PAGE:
All in all, even though the book had a couple of promising ideas, overall it sounded hollow and extremely disappointing. I will not be bothering with the second book of the series, despite the fact that many questions remained unanswered.
"Ends with the beginning"
Well, I must start by telling you that I'm probably one of the few who has NOT yet read the Hunger Games trilogy (I'm working on it...) Even so, I understand that there is quite a few similarities. A young girl trying to figure out Who she is. In doing so, finding hidden strengths (both physical and mental) within her which is good since she needs all of them in the initiation process she's going thru.
I listened to the novel vary well narrated by Emma Galvin and I listened as soon as I had a chance (in the car, walking the dog, cleaning the kitchen).
It is well written, the characters are plausible and easy to like (or hate). The main character Beatrice, later Tris, is someone you want to get to know and learn more about.
But, to me it seems that this, the first in a series of three, is very much an introduction to the rest. I don't know if I'm right, but there is something missing. There is a lot of questions you don't get answers to.
Why has the society changed into this very rigid form? What has happened to the world?
For me this lack of background made it difficult to understand and accept Tris'and the other initiates change and behaviour.
Non the less it's a good read. Love, hate, good, evil, morality.
I do hope to find some answers in the next book. I would have given it one more star if I've gotten some more answers from the start.
The story ends with the beginning...
Enjoyed listening to this daily. The narrator portrayed the characters and the told the story. I'm looking forward to insergant
Divergent is an original, clever story. Great characters and performed brilliantly by Emma Galvin.
My favourite character is Four. An intriguing individual with a great backstory.
Emma Galvin does a great job reading this. She gives a very believable performance and is very easy to listen to.
When Tris learns more about her mother's past and the dramatic climax ( no spoilers!).
"Stand aside here comes the DIVERGENT"
I have listened to better but listened to much much worse ... the fact taht the narrator is in a constant state of fear allertness terror means that you do not get a rest from this frantic drama. But She does a good job of making your heat thud.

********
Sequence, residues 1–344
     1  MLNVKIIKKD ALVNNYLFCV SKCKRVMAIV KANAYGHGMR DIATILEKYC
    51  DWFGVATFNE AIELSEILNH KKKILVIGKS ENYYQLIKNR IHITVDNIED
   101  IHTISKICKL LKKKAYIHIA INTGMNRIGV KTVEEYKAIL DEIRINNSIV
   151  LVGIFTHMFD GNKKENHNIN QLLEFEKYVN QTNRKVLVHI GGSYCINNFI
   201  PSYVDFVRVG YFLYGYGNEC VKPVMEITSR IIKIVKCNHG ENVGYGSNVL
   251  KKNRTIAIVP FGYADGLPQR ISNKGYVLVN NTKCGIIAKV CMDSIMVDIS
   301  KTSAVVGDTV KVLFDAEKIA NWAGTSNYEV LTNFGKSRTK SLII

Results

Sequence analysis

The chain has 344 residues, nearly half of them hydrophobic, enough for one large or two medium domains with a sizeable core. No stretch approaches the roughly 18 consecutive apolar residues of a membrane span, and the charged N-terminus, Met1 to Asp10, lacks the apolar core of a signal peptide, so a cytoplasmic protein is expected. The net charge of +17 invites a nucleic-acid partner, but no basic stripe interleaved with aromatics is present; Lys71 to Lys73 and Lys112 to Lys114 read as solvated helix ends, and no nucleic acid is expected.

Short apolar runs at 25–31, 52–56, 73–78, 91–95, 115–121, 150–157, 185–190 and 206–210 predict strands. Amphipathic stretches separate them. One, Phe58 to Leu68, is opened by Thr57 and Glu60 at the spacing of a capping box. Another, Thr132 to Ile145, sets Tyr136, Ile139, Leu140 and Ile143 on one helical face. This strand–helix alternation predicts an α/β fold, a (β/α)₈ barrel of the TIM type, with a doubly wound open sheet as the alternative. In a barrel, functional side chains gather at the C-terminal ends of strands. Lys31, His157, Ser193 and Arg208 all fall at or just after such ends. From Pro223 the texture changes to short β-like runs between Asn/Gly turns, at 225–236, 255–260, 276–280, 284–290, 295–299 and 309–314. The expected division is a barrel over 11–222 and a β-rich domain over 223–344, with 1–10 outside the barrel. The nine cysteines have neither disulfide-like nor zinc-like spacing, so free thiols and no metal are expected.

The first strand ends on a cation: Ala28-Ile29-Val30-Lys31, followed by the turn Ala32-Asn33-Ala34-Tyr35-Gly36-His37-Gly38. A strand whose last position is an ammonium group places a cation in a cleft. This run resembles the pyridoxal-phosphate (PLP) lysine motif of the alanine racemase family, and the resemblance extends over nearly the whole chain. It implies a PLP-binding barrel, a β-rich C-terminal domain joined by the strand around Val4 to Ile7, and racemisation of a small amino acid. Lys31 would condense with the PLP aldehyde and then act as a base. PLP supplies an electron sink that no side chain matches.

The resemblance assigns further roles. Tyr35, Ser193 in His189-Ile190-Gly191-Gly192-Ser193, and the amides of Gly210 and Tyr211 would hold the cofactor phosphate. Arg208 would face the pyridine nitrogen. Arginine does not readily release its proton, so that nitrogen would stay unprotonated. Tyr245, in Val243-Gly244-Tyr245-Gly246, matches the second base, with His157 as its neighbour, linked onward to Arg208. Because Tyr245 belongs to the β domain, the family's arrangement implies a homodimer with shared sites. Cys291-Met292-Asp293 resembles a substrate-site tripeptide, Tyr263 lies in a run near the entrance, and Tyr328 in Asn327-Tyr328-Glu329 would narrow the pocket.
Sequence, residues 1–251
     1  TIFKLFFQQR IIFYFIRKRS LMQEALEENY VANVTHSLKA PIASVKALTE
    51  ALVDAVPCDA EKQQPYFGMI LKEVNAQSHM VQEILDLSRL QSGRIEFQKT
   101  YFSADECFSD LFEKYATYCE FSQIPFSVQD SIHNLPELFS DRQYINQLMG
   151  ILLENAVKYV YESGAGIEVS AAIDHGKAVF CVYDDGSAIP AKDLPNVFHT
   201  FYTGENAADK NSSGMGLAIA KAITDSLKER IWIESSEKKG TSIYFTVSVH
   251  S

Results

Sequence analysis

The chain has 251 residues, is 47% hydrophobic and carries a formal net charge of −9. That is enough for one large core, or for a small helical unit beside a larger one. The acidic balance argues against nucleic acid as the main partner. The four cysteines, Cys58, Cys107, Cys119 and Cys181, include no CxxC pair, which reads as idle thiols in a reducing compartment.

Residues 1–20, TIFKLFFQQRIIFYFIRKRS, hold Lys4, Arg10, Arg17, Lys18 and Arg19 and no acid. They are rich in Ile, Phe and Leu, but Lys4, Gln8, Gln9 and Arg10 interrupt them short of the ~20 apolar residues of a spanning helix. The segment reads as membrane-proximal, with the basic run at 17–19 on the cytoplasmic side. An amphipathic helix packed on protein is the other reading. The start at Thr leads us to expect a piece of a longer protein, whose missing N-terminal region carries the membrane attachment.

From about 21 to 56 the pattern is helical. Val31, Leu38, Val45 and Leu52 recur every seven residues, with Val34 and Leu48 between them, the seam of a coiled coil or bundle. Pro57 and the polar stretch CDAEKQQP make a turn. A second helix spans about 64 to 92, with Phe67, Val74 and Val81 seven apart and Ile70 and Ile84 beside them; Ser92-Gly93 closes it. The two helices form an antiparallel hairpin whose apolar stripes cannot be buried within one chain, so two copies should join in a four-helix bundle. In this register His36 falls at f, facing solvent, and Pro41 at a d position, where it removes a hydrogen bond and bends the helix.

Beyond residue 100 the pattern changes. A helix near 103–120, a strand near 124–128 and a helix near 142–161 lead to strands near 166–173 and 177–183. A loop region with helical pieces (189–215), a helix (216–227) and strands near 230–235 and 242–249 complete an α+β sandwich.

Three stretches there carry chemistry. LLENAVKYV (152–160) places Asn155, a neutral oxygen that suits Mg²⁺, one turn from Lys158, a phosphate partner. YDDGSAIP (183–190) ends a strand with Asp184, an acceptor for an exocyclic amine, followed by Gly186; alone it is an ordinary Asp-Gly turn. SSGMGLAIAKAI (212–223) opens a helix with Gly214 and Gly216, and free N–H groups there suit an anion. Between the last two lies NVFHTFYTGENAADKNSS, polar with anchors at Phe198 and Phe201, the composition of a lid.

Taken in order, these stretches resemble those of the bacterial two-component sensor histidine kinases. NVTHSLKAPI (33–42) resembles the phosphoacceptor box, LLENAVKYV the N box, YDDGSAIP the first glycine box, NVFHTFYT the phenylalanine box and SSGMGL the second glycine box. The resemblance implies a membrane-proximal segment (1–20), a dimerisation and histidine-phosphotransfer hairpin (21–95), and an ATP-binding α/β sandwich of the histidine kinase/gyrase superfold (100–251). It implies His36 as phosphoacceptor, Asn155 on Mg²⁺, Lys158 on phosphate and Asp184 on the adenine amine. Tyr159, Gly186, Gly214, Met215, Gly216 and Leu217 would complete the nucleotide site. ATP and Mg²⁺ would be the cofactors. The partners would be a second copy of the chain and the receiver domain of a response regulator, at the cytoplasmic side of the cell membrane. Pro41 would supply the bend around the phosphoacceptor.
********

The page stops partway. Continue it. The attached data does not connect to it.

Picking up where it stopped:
The Hunger games is the same type of book and this is a compliment. Tris is not the same she is harder and less confident than Catness however the story is edgier in my opinion.
When Tris was saved from the other transfers by 4.
"Quite an enjoyable listen"
I was looking forward to reading this, the initial blurb seemed good, but at the end I felt a little disappointed. There are lots of unanswered questions, but I know there are two sequels to come which I assume will tie up these questions. However, the lack of any information about the history of Chicago, and how this society came to be this way, means that questions are continually popping into my head - for example, who are Dauntless protecting their society against?
Overall a good story, and reasonably well performed - Emma Galvin has a pleasing voice, though at times it was difficult to distinguish which of the characters were speaking initially. The characters were whole and rounded, Tris was brave and curious, Four moody and deep, and all the requisite baddies were in force.
What is a little disappointing though is for the continual presence of strong similarities between this and books such as The Hunger Games and The Host. Maybe most stories set in a dystopian future will have similar themes, that echo over and over again, but I would have appreciated some original twists to distinguish one from another.
"A great new writer to the fantasy pantheon"
I welcome her to the list of fantasy and science fiction writer that I really like. Robin Hobb, Orson Scott Card, George R.R. Martin and Diana Wynne Jones to name a few. The story is told in first person and we are given the perception of the protaganist to the strange surreal environment she finds herself in. We are all brought up in the belief systems of our families and Tris is no exception to this. The five faction construct is obviously just that, a strange construct. I was worried that this would be another Hunger Games pseudo reality story, but I was very pleased it did not turn out like this. The world is very like a computer game with real players and not avatars. I look forward to Veronica Roth honing her craft and producing more wonderful stories in the future.
"Excellent story, but average performance"
The story is imaginative and enthralling. A bit too much Mills and Boon at times but overall very good. Performance is not the best, difficult to distinguish between the different characters.